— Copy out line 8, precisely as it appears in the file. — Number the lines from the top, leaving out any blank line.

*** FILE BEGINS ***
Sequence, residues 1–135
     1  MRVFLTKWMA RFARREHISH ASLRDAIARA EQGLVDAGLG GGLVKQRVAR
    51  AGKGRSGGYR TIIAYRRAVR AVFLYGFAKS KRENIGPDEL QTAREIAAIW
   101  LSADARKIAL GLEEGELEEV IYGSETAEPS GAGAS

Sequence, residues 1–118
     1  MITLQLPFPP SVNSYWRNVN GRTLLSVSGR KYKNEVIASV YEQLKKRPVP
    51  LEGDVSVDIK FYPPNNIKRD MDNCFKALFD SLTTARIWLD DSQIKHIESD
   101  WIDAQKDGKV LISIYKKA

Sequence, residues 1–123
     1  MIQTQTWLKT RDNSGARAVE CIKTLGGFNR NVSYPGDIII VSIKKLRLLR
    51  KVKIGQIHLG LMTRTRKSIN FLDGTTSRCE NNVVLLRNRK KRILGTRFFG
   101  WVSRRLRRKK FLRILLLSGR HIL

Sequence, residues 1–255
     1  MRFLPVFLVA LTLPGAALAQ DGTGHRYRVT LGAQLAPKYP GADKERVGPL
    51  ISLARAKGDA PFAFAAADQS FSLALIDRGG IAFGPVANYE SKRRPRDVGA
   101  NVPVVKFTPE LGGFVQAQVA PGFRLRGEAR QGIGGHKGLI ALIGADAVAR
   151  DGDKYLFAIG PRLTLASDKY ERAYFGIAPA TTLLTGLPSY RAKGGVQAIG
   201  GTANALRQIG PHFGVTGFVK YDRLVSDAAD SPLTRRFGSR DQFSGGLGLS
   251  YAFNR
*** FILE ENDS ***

   101  WIDAQKDGKV LISIYKKA